Melissa Ortiz, an Olympic soccer player, knows that the true Olympic spirit is about so much more than gold medals. Recognizing the opportunity to make a lasting difference in so many lives, Melissa founded Vakano Bracelets (www.vakanobracelets.com and @vakanobracelets on Instagram), through which this bacano (awesome) #girlboss shares the beautiful jewelry of her native country while providing a more sustainable income to the local artisans handcrafting it.
What is it like being an Olympic soccer player?
Being an Olympic soccer player is a major accomplishment and responsibility. Our daily schedule during season includes hours in the gym, training on the field, and eating/sleeping right. It is a true testament that you can do anything you work hard for and set your mind to. I’ve played for the Colombian Women’s National Team for over 8 years and it was always my dream to play in the Olympics. My parents immigrated from Colombia over 35 years ago, but always instilled within us the Colombian culture throughout our upbringing. For me to represent the Colombian flag is true honor, because not only am I playing for the country of my family’s heritage, but I am also inspiring a new generation of female soccer players in a still some-what “machismo” society.
What inspired you to found Vakano?
I believe a series of events led me to start Vakano. In June 2015, I suffered a major injury (Achilles tear) just 4 days before the FIFA Women’s World Cup. I had always dreamed and worked hard to make the final roster to play in the World Cup, but during one of our practice preparation matches, my dream quickly turned sour. During my first months of recovery and rehabilitation, I kept on receiving many compliments about the bracelets I would wear around town. From a young age I always loved artisan hand-made jewelry, especially from Colombia. One day, while browsing through the internet, I randomly came across a bracelet company called Pura Vida Bracelets. I was so amazed by their success from selling hand-made bracelets from Costa Rica that I said to myself – “why can’t I do this?”.
Soon after, during one of my trips to Colombia, I walked down a street that led to a flea market. I entered and I glanced down at one of the artisans’ large collection of bracelets. I instantly fell in love with his work, and I knew it was some sort of sign that was telling me if I wanted to start a business, these were the bracelets to start with. I received such a great vibe after conversing with the artisan, but, unfortunately, he didn’t own a cell phone where I could contact him. A few days later, I found him again on the same street and told him I wanted 100 bracelets. His eyes started tearing up out of the excitement. It was at that moment I knew I found my calling — to sell these beautiful hand-made bracelets while also giving back to help provide artisans with a more sustainable income.
Vakano (or Bacano) in Colombia is a slang word for something or someone that is awesome, unique, and cool. When choosing a name, I wanted to base it around the Colombian culture but also have a hip and catchy meaning to it. I started to say a bunch of adjectives in both English and in Spanish while sketching out a logo on sticky notes. When I said the word “bacano,” I became attached to it. To make it more attractive, I then switched out the “b” for a “v” and the “c” for a “k.”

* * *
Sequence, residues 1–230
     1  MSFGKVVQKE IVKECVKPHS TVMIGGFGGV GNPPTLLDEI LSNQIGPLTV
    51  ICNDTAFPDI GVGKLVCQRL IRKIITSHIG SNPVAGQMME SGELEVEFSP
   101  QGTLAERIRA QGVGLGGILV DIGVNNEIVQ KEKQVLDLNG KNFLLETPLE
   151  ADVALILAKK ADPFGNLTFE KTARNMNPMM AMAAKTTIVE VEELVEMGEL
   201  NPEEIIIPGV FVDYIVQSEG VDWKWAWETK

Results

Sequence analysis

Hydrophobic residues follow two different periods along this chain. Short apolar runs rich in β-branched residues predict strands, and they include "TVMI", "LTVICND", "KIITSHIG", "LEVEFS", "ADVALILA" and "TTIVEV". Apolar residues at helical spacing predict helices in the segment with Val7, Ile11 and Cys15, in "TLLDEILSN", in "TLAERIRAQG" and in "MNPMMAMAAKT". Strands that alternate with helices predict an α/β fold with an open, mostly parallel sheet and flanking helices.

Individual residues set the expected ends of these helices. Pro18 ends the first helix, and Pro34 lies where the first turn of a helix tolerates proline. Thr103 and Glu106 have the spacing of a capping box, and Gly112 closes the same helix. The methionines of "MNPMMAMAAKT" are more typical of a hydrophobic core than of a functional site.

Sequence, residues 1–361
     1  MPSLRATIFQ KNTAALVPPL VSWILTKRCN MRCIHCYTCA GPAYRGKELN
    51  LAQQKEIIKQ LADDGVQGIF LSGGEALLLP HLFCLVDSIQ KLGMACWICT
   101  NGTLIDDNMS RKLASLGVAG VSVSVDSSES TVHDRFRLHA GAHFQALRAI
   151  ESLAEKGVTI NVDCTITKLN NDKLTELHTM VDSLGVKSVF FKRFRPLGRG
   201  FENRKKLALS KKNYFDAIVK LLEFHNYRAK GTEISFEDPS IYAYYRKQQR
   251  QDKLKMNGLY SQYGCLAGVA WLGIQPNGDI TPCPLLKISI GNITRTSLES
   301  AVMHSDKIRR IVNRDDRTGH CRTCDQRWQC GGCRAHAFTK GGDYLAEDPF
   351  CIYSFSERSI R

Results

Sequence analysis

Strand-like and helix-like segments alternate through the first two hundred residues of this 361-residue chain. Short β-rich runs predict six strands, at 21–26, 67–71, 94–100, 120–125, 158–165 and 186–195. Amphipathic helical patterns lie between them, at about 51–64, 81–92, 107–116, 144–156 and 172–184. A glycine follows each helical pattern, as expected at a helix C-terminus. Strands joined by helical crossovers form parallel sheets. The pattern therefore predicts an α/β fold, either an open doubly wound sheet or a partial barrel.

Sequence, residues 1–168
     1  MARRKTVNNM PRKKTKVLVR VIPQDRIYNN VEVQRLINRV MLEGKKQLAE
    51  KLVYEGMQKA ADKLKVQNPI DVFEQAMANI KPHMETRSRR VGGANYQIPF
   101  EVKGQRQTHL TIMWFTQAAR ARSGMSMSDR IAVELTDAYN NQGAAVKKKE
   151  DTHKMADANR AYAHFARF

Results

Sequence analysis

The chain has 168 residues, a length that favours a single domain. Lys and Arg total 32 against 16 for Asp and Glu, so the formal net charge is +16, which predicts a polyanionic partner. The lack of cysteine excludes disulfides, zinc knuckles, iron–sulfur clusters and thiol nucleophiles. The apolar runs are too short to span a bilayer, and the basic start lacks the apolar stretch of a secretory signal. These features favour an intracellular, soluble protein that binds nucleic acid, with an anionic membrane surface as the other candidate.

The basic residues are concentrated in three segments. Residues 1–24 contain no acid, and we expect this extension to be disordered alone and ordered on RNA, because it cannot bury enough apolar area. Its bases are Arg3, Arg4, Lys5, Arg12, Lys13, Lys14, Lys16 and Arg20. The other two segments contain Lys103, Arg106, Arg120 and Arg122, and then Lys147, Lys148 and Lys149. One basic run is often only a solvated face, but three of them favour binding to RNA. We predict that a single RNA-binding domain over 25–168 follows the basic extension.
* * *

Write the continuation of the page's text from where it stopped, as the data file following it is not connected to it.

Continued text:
How do you find time to play soccer, be an entrepreneur, and have a personal life?
Time is precious for any entrepreneur. To be honest, I don’t really have a social life. Some would say it’s a sacrifice, but when you love what you do, you don’t even realize the time you dedicate into something. I currently have a full-time job until Vakano becomes more profitable. I also make time to work out in the morning, train in the evening, and leave at least an hour or two to work on Vakano at the end of the day and all day during the weekends.
How does Vakano help local artisans in Colombia?
Vakano helps provide sustainable jobs for artisans in Colombia. When I first started with William, my head artisan, he couldn’t even afford a cell phone. Not only does he now own a cell phone to communicate, he is also able to pay his rent for living and work space. Recently, my orders are larger, 500 bracelets or more, and he employs three other artisans to assist him with production. It is growing into a small community of artisans that benefit from each bracelet purchased. It’s a wonderful feeling knowing that every time a bracelet is purchased, we are helping people in need.
Do you have a favorite design?
My favorite design is the Inka Collection. They carry such vibrant colors and unique designs that I feel it just gives me a positive energy every time I wear them.
What is your advice for anyone wanting to start a business?
My advice to those who want to start their own business is to not have any fear. As an athlete, I was always taught to not fear any opponent or circumstance. You need to risk to see an outcome. So, if you have the drive to start a business, go for it!
What has been the most challenging part of starting your business?
The most challenging part is having the courage to walk into stores to see if they are interested in selling my products. I was so nervous the first time I asked a boutique and didn’t even know the correct words or terminology to say in the retail world. Now, my bracelets are in three stores and I am becoming more experienced with speaking with boutiques and potential stockists.
Do you do trunk shows on college campuses? Would you like to?
I would love to do trunk shows on college campuses. So far, I vended at the Wynwood Farmer’s Market in Miami, as well as Fresh Fest 2016 in downtown West Palm Beach. Now I am starting to build a list of brand ambassadors for Instagram, and my next goal is to attend pop-up shops at universities.
Do you have a favorite quote or other inspiration?
“If your dreams don’t scare you, they are not big enough.”